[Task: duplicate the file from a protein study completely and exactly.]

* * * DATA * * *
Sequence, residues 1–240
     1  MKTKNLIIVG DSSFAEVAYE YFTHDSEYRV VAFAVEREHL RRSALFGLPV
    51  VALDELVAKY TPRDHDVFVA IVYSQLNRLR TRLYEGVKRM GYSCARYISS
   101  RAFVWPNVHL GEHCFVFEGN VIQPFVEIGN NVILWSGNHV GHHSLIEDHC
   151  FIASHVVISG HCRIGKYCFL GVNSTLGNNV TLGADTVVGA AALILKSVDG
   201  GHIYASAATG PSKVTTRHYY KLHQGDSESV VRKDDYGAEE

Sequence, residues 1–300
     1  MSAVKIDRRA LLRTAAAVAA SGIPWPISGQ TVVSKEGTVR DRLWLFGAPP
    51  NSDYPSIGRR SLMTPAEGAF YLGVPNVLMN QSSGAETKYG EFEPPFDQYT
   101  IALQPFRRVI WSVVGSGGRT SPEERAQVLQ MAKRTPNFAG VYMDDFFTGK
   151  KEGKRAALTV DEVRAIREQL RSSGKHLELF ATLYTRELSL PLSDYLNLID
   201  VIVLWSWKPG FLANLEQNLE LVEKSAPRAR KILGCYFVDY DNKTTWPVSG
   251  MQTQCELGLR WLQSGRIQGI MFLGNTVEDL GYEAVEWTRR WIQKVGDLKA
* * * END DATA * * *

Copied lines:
Sequence, residues 1–240
     1  MKTKNLIIVG DSSFAEVAYE YFTHDSEYRV VAFAVEREHL RRSALFGLPV
    51  VALDELVAKY TPRDHDVFVA IVYSQLNRLR TRLYEGVKRM GYSCARYISS
   101  RAFVWPNVHL GEHCFVFEGN VIQPFVEIGN NVILWSGNHV GHHSLIEDHC
   151  FIASHVVISG HCRIGKYCFL GVNSTLGNNV TLGADTVVGA AALILKSVDG
   201  GHIYASAATG PSKVTTRHYY KLHQGDSESV VRKDDYGAEE

Sequence, residues 1–300
     1  MSAVKIDRRA LLRTAAAVAA SGIPWPISGQ TVVSKEGTVR DRLWLFGAPP
    51  NSDYPSIGRR SLMTPAEGAF YLGVPNVLMN QSSGAETKYG EFEPPFDQYT
   101  IALQPFRRVI WSVVGSGGRT SPEERAQVLQ MAKRTPNFAG VYMDDFFTGK
   151  KEGKRAALTV DEVRAIREQL RSSGKHLELF ATLYTRELSL PLSDYLNLID
   201  VIVLWSWKPG FLANLEQNLE LVEKSAPRAR KILGCYFVDY DNKTTWPVSG
   251  MQTQCELGLR WLQSGRIQGI MFLGNTVEDL GYEAVEWTRR WIQKVGDLKA